As another matter, in accordance with the 3rd paragraph of Article 979 of the TCC, the third party may refrain from giving the item to the acquirer for reasons that he may argue against the transferor of possession. The important point is which of the reasons that the third party can claim against the transferee is related to the real or personal rights. Due to the fact that, pursuant to the aforementioned provision, it is accepted that the third party can only claim reasons based on real rights (such as usufruct right) against the transferee. However, since it can only assert its personal rights against the other party of the legal relationship, in other words, against the transferor, on the grounds that it is a relative right, it will not be able to assert it against the transferee. Claiming personal rights against the transferee in immovable leases will only be possible if they are annotated in the land registry. In this case, since there will be a personal right whose effect is strengthened, it can also be claimed against the transferee.

However, pursuant to article 310 of the Turkish Code of Obligations numbered 6098 (“TCO”), titled “Change of the Leased Owner”, if the leased property changes hands for any reason after the conclusion of the contract, the new owner will become a party to the lease agreement. In this case, contrary to the above-mentioned view that the personal rights regulated in the 3rd paragraph of Article 379 of the TCC cannot be asserted, with Article 310 of the TCO, it has become possible for the third-party tenant to claim a personal right arising from the lease agreement with the transferee lessor, against the transferee, that is, the new lessor.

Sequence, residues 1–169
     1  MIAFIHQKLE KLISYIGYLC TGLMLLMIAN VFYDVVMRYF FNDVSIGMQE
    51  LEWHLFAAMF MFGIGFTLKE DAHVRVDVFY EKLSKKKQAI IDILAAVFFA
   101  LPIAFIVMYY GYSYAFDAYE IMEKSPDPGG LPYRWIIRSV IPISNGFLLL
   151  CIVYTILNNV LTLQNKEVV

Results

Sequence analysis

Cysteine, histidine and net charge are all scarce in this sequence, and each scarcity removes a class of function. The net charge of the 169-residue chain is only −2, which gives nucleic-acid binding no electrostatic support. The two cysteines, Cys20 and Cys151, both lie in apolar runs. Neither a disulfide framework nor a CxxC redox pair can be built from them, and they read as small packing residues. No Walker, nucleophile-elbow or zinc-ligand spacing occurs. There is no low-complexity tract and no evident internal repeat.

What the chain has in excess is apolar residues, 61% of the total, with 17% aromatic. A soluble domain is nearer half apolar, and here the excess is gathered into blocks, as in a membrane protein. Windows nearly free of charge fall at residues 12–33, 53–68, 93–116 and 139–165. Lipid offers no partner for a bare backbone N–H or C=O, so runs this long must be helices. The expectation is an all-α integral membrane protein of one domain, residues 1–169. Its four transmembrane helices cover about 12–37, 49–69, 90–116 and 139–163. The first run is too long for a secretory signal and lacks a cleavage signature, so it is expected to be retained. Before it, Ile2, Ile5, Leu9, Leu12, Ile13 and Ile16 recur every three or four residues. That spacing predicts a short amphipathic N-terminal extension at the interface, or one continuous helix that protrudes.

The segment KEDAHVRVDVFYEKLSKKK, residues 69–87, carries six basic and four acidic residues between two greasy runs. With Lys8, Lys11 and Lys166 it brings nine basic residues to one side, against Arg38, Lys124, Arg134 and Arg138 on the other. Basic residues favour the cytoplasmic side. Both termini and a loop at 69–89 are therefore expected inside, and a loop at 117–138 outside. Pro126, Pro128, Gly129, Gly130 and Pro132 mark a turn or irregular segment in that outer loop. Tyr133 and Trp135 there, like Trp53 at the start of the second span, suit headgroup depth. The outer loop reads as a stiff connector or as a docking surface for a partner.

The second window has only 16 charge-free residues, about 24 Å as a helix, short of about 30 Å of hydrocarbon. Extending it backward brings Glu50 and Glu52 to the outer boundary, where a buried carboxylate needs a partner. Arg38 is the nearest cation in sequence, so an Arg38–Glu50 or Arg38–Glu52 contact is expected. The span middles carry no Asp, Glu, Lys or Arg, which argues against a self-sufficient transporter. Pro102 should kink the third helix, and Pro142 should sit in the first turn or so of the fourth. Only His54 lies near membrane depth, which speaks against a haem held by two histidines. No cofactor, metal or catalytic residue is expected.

310th article of the TCO, was created in order to ensure that the lessee can assert his right arising from the lease agreement with the previous owner against the new owner and, in this way, to protect the lessee against the new owner. Therefore, in real estate leases, even if the lease agreement is not annotated in the land registry, the new owner will be bound by the lease agreement in accordance with Article 310 of the TCO.

Considering that the new owner is bound by a lease agreement, although the tenant cannot be evicted just because the immovable has changed hands, this situation is not absolutely binding and the opportunity for the new owner lessor to terminate the lease agreement is regulated under Article 351 of the TCO. 

In accordance with Article 351 of the TCO; If there is an obligation to use it for the immovable's new owner, his spouse, descendants, descendants or other dependents due to the need for housing or a workplace, he may terminate the lease agreement with a lawsuit to be filed after six months, provided that the situation is notified in writing to the lessee within one month from the date of acquisition. The person who subsequently acquires the leased property can also use its right to terminate the contract due to necessity through a lawsuit to be filed within one month, starting from the end of the contract period.

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The content of this article is intended to provide a general guide to the subject matter. Specialist advice should be sought about your specific circumstances.